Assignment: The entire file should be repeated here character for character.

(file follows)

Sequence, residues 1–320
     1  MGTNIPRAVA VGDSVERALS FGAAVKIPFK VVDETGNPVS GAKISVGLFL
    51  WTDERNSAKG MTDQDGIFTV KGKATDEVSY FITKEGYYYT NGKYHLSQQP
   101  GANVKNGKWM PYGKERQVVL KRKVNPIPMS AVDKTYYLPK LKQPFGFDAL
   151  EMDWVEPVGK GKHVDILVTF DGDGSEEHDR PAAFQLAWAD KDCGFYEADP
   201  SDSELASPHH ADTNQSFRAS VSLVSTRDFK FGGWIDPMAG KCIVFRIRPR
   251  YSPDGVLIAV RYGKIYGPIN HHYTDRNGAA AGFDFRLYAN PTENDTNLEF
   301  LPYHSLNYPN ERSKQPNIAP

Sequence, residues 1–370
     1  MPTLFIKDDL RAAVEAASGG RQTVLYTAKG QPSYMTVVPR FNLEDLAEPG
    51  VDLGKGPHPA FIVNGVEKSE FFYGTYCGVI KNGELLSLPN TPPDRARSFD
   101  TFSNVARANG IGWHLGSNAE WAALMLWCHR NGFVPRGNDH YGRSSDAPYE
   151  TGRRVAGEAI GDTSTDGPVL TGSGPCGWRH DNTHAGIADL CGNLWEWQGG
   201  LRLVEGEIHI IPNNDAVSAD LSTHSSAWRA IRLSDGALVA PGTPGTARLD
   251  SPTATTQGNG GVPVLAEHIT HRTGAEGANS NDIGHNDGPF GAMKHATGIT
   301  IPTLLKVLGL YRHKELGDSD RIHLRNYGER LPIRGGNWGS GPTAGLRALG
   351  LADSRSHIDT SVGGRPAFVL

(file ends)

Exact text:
Sequence, residues 1–320
     1  MGTNIPRAVA VGDSVERALS FGAAVKIPFK VVDETGNPVS GAKISVGLFL
    51  WTDERNSAKG MTDQDGIFTV KGKATDEVSY FITKEGYYYT NGKYHLSQQP
   101  GANVKNGKWM PYGKERQVVL KRKVNPIPMS AVDKTYYLPK LKQPFGFDAL
   151  EMDWVEPVGK GKHVDILVTF DGDGSEEHDR PAAFQLAWAD KDCGFYEADP
   201  SDSELASPHH ADTNQSFRAS VSLVSTRDFK FGGWIDPMAG KCIVFRIRPR
   251  YSPDGVLIAV RYGKIYGPIN HHYTDRNGAA AGFDFRLYAN PTENDTNLEF
   301  LPYHSLNYPN ERSKQPNIAP

Sequence, residues 1–370
     1  MPTLFIKDDL RAAVEAASGG RQTVLYTAKG QPSYMTVVPR FNLEDLAEPG
    51  VDLGKGPHPA FIVNGVEKSE FFYGTYCGVI KNGELLSLPN TPPDRARSFD
   101  TFSNVARANG IGWHLGSNAE WAALMLWCHR NGFVPRGNDH YGRSSDAPYE
   151  TGRRVAGEAI GDTSTDGPVL TGSGPCGWRH DNTHAGIADL CGNLWEWQGG
   201  LRLVEGEIHI IPNNDAVSAD LSTHSSAWRA IRLSDGALVA PGTPGTARLD
   251  SPTATTQGNG GVPVLAEHIT HRTGAEGANS NDIGHNDGPF GAMKHATGIT
   301  IPTLLKVLGL YRHKELGDSD RIHLRNYGER LPIRGGNWGS GPTAGLRALG
   351  LADSRSHIDT SVGGRPAFVL